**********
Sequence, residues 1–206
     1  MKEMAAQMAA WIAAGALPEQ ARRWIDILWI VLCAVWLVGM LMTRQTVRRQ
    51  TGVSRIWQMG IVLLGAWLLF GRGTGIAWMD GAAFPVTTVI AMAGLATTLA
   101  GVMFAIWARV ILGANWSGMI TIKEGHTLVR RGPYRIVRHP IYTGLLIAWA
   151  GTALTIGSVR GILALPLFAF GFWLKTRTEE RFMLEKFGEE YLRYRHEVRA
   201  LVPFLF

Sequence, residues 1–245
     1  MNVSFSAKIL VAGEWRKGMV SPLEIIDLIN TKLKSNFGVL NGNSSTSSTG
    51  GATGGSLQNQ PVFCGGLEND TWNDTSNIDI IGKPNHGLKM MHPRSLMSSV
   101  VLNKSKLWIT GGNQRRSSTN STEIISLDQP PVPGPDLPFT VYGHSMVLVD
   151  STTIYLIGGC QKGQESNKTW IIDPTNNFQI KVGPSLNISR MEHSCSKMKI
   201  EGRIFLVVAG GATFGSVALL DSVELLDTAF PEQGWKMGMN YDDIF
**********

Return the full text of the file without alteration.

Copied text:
Sequence, residues 1–206
     1  MKEMAAQMAA WIAAGALPEQ ARRWIDILWI VLCAVWLVGM LMTRQTVRRQ
    51  TGVSRIWQMG IVLLGAWLLF GRGTGIAWMD GAAFPVTTVI AMAGLATTLA
   101  GVMFAIWARV ILGANWSGMI TIKEGHTLVR RGPYRIVRHP IYTGLLIAWA
   151  GTALTIGSVR GILALPLFAF GFWLKTRTEE RFMLEKFGEE YLRYRHEVRA
   201  LVPFLF

Sequence, residues 1–245
     1  MNVSFSAKIL VAGEWRKGMV SPLEIIDLIN TKLKSNFGVL NGNSSTSSTG
    51  GATGGSLQNQ PVFCGGLEND TWNDTSNIDI IGKPNHGLKM MHPRSLMSSV
   101  VLNKSKLWIT GGNQRRSSTN STEIISLDQP PVPGPDLPFT VYGHSMVLVD
   151  STTIYLIGGC QKGQESNKTW IIDPTNNFQI KVGPSLNISR MEHSCSKMKI
   201  EGRIFLVVAG GATFGSVALL DSVELLDTAF PEQGWKMGMN YDDIF